What are pickle roll ups

0
8

It’s a snack known by many names: pickle roll ups, pickle and ham pinwheels, prairie sushi, even Lutheran sushi. But if you’re not from the Midwest, you probably don’t know it by any name. Pickle roll ups might be ubiquitous at family gatherings and cocktail parties from Illinois to Wisconsin, yet as one viral tweet this past November revealed, most people outside of the region haven’t heard of them. As Kari Paul, the tweet’s author, points out, two kinds of people populate the ensuing thread: Midwesterners who are devoted to the snack and people from the rest of the country who are skeptical of it at best, or downright insult the dish at worst. One user even calls it an “abomination.”

Like raw meat sandwiches and dessert salad, this Midwestern delicacy is quickly and unfairly maligned just because of its appearance and concept. But pickle roll ups are simple and straightforward in assembly and unite a trio of complementary ingredients: A layer of cream cheese is spread over a thick slice of crisp dill pickle, and is then wrapped in a sheet of ham. The combination of flavors, while perhaps not intuitive, work surprisingly well together.

“What makes pickle wraps great is the combination of textures,” explains Leah Beyer, the Indiana native and recipe blogger behind Beyer Beware. “Refrigerator pickles are best for these because they are the crunchiest pickles. The sweet creaminess of the cream cheese marries the tanginess of the dill pickle with the smoky and salt flavors from the ham or dried beef lunch meat.”

There are a couple of variations of the snack. Some people add an extra layer to the pickle roll up by wrapping the ham in a tortilla. Others blend the ingredients into a dip and serve it with crackers. Snacks like this one tend to appear at family gatherings, where it’s necessary to feed a crowd something satisfying and convenient to eat that can be made in bulk (here again, you might recall the appeal of Jell-O salad).

“I spent most of my childhood growing up in rural Minnesota,” Celine, a New York City-based wine writer, wrote to me in an email. “I remember seeing pickle roll-ups at potluck events, birthday parties, and graduation celebrations, things of that nature — I think I tried one once and just couldn’t handle the texture (I’m not a huge pickle fan to begin with) [but] I see the appeal, especially because cream cheese makes everything better.”

In other families, pickle roll ups only appeared on holidays. Beyer remembers seeing them at “holiday dinners as a snack before the dinner was done.”

“We would have a smorgasbord of items like pickle wraps, meatballs, and cheese and crackers. They were definitely something that we would only have when guests were over,” she adds. “It was not something we would make for just a snack for ourselves. People who are new to them would always hesitate. But they would be and still are the first thing we run out of during gatherings.”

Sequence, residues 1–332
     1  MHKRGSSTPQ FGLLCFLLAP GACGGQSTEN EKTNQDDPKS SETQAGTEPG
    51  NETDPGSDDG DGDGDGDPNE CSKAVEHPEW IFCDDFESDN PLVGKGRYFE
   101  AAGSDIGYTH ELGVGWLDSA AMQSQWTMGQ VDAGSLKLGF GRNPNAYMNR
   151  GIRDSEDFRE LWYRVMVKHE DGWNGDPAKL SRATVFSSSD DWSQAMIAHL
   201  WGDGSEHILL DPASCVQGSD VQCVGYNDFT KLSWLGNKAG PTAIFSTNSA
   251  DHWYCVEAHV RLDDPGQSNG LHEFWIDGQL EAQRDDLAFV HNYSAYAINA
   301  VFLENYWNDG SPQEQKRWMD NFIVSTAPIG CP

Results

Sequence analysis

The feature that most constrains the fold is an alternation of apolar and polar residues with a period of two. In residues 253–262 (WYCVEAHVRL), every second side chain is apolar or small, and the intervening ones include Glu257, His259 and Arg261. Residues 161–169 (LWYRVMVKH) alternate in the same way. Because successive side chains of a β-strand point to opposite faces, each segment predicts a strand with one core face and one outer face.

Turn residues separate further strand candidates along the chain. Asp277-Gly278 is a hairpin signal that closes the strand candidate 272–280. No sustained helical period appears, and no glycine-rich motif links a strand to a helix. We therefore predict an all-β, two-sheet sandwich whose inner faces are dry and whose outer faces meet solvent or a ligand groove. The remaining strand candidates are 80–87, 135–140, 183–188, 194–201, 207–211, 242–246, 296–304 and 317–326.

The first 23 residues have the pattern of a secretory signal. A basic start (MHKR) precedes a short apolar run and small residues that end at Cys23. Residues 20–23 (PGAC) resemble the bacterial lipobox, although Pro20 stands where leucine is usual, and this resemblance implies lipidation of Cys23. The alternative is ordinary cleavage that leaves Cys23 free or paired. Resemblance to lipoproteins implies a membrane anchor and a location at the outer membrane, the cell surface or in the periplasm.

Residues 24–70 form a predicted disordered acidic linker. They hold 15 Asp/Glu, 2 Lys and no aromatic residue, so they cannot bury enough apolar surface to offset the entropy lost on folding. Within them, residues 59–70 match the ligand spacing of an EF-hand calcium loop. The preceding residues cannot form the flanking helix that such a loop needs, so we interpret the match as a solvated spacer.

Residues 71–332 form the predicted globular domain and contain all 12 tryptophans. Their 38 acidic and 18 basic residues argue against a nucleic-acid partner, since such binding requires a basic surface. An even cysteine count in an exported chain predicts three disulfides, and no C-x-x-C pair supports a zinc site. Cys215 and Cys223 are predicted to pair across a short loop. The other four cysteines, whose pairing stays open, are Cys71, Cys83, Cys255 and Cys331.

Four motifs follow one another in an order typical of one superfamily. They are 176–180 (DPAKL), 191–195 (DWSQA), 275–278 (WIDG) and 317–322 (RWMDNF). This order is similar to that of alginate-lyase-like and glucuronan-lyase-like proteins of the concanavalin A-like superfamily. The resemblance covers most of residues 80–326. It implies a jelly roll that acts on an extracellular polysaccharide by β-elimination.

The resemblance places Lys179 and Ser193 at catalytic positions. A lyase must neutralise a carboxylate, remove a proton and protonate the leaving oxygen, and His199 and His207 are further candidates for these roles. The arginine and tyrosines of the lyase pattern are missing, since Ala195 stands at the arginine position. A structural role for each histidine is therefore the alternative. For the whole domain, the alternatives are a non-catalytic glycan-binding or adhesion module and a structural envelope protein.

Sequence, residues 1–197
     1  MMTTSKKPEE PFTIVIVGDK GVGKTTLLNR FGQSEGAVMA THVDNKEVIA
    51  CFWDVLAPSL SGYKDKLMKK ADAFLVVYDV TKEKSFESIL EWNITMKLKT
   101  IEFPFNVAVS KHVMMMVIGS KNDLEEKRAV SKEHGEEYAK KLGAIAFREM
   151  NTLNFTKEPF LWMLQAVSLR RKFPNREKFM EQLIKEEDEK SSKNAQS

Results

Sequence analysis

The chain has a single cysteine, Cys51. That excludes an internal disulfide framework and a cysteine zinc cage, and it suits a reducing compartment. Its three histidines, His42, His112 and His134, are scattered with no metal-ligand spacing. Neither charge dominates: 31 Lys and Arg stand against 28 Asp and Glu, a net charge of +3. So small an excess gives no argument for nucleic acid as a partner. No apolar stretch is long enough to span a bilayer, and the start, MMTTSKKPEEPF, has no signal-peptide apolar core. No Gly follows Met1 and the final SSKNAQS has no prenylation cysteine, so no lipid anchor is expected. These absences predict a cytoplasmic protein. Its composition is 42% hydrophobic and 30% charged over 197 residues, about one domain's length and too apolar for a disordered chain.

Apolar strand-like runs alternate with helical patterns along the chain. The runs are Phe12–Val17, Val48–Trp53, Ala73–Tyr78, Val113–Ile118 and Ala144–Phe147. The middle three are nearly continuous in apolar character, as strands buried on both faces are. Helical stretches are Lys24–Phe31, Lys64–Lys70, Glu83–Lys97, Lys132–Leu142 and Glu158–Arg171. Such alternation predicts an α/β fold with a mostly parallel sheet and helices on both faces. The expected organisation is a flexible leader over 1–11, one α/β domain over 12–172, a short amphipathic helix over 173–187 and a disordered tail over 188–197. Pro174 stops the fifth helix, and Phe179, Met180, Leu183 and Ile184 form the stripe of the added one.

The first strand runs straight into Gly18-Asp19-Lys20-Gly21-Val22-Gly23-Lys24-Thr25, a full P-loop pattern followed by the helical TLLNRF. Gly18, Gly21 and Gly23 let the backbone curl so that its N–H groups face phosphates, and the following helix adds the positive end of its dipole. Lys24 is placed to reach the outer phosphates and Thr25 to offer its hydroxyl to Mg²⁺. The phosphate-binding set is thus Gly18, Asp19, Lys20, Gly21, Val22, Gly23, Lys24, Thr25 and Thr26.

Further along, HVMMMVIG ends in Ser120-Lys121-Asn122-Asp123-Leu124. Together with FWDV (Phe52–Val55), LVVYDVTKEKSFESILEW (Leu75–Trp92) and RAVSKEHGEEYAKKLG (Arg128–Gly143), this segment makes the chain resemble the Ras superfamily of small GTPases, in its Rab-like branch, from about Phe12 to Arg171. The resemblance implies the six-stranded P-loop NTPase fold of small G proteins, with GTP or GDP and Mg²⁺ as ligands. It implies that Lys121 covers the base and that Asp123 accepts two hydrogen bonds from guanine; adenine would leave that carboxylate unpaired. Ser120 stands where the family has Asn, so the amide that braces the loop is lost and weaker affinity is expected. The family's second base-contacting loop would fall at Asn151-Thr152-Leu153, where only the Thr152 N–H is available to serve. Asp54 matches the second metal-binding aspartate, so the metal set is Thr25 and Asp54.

Jen Koellmann, who runs the recipe blog Whole Lotta Yum, agrees that pickle rolls up were generally reserved for the holidays, in particular Christmas.

“There’s quite a bit of nostalgia when I think about pickle rolls, I can’t make them without thinking of grandma and her big plate of them that always got devoured at Christmas,” Koellmann says. “When I was a young child, [she] used to serve them as an appetizer sliced into bitesize pinwheels for family gatherings, sometimes with ham, cream cheese, and pickles and other times without the pickle but with ham, cream cheese, and horseradish sauce.”

Today, she makes me her own version with rosemary ham from Trader Joe’s, whipped cream cheese, and baby dill pickles, sometimes switching out ham for roast beef, salami, or turkey slices.

The origins of pickle roll ups aren’t easy to pin down, but it’s probably safe to assume that German immigration to the region is at the root of its enduring popularity. Darcy Maulsby, a lifelong Iowan and Midwest food historian, told the Des Moines Register that, “Anytime you have a German community or a place with a strong German heritage, you got pickles and red meat and that is two-thirds of a pickle wrap right there.” (Maulsby also declared that Iowa should claim the pickle roll up as their own, though clearly people from Minnesota would disagree.) Similarly, raw meat sandwiches (also known as “wildcat”) eaten by German immigrants in Michigan are an adaptation of the German dish mettbrötchen.

“Since my family has strong German roots, this [wouldn’t] surprise me at all,” says Beyer. “I am sure it was my German grandparents who introduced us to this amazing snack and appetizer.”

Koellmann has a slightly different perspective on the origins of pickle roll ups though.

“Another nickname I’ve heard for pickle roll ups is ‘Lutheran sushi,’ which makes me wonder if these were a common appetizer served at Lutheran church gatherings,” Koellmann explains. “Being that many families of Scandinavian origin attended the Lutheran church (including my family), this was my assumption, but many Germans are Lutheran as well. Since the Midwest had many Scandinavian and German immigrants, either could be the originator of the pickle roll up.”

Why the region’s delicacies are so maligned by the rest of the country remains unclear. It strikes me that the Midwestern tendency to combine ingredients that seem, at first blush, like strange bedfellows but when combined turn out to be iconic pairings (see: the myriad casseroles popular in the region) is industrious, clever, and creative.

“Now my kids are equally obsessed with them and help in the making,” Beyer says. “They are so good. Plain pickles are great snacks, but wrap them in cream cheese and meat and you practically have a complete meal.”